The conventional method for offering hearing aid devices and services is in a "bundled" or "packaged" format, where fees associated with the hearing aid evaluation, selection, purchase, fitting, follow-up care, and service are billed in a single charge. However, according to ASHA's 2012 Audiology survey, a number of audiologists (ASHA, 2012a [PDF]) are adopting the practice of "unbundling" or "itemizing"-breaking out the costs of the device, accessories, and services associated with hearing aid dispensing and billing for them separately as they occur.
Factors influencing an audiologist's decision to unbundle include
- a desire to position audiology as a doctoring profession (itemization of the full range of services highlights the value of professional services over the cost of the device);
- a desire to educate medical professionals and consumers about the full scope of practice an audiologist provides and identify the best practices in hearing health care;
- consumer demand for affordability, transparency, and portability of services and concerns that hearing aid cost and current service delivery models are barriers to accessing hearing health care (Romano, 2012);
- health care reform and regulatory trends that indicate a possible shift toward requiring unbundling for reimbursement purposes (ASHA, 2013; see ASHA's public policy agenda);
- the entrance into the market of Internet-based, big box store, insurance company, and direct-to-consumer business models, creating increased cost competition;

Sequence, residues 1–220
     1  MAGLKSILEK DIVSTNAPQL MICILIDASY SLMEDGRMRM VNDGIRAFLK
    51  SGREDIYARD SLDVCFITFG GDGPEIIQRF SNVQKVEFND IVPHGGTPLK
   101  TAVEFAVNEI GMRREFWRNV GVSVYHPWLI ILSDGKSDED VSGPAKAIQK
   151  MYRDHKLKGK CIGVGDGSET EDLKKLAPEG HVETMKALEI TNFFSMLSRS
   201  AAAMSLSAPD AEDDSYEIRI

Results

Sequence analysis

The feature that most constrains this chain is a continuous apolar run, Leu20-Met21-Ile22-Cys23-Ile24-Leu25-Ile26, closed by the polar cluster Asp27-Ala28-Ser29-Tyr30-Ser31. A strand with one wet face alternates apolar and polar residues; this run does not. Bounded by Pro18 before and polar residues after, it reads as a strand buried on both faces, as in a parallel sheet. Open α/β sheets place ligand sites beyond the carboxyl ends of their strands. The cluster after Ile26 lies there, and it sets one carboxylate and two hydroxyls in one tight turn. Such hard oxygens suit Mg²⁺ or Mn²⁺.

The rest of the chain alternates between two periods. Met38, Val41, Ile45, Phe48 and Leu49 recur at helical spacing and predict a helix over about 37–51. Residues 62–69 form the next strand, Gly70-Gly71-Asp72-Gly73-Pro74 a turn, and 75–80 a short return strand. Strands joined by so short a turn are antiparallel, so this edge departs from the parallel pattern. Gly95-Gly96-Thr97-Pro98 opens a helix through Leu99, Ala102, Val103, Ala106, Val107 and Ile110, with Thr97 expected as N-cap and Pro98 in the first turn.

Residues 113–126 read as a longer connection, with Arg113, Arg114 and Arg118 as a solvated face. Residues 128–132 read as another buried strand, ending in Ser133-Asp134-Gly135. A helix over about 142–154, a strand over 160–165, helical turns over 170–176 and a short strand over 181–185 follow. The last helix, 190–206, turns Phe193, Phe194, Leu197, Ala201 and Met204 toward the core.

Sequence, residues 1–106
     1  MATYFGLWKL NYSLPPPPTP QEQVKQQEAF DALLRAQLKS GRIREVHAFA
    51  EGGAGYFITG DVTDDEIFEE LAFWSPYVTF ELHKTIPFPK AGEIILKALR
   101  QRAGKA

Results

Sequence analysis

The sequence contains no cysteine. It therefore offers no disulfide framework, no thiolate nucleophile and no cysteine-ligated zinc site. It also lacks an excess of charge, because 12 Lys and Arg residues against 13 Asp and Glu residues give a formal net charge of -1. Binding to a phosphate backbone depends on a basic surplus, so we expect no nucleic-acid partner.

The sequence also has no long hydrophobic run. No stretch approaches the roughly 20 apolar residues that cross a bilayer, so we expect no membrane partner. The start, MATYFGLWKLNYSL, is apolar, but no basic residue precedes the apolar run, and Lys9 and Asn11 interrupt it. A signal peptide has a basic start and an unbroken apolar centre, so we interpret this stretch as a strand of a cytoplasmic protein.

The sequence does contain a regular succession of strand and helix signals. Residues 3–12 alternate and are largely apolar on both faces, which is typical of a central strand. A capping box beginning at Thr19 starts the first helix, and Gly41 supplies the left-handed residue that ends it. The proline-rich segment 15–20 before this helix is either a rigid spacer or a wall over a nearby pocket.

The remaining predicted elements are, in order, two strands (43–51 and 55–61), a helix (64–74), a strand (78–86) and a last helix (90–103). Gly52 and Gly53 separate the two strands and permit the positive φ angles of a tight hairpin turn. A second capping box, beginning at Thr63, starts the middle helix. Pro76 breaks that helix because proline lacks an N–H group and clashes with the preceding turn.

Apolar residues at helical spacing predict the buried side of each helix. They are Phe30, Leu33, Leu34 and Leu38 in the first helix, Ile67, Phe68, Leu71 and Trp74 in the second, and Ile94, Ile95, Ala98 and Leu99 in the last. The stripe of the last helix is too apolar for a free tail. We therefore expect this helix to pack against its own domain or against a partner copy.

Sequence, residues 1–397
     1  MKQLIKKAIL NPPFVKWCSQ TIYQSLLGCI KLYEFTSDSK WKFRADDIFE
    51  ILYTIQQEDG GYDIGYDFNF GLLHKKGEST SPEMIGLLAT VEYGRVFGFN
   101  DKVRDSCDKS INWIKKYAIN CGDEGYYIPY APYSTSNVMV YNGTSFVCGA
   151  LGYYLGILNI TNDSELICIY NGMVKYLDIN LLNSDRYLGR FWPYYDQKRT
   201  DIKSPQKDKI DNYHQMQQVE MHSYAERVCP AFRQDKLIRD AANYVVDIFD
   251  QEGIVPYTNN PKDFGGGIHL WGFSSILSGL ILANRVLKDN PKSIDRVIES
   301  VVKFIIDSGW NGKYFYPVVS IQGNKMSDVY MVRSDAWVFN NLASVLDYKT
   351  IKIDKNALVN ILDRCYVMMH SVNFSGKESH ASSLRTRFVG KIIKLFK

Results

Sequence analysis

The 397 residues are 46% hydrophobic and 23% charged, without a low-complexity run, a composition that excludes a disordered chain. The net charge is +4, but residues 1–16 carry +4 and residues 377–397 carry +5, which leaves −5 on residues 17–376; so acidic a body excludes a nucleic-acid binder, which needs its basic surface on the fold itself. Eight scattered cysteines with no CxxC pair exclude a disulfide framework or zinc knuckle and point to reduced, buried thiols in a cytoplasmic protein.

- the opportunity to increase market share by assisting consumers who have purchased online without the benefit of audiologic services and support;
- the opportunity to remain relevant as advances in technology allow for remote testing, programming, and fitting of devices.
The entrance of insurance companies into the field of hearing health care and hearing aid delivery creates a truly unique dynamic, given that these companies have the infrastructure-including resources and access to millions of subscribers-that may enable them to negotiate lower rates on hearing aids, create direct-to-consumer delivery models, and develop networks that may not necessarily include audiologists.
Creating a fee structure that separates the cost of hearing aid(s) from the services associated with the evaluation, fitting, orientation, delivery, counseling, and long-term care and management of these devices provides audiologists the opportunity to highlight the importance of the professional services they provide, rather than the device. However, based on the local market, practice considerations, and consumer profile, unbundling may not be appropriate for every practice.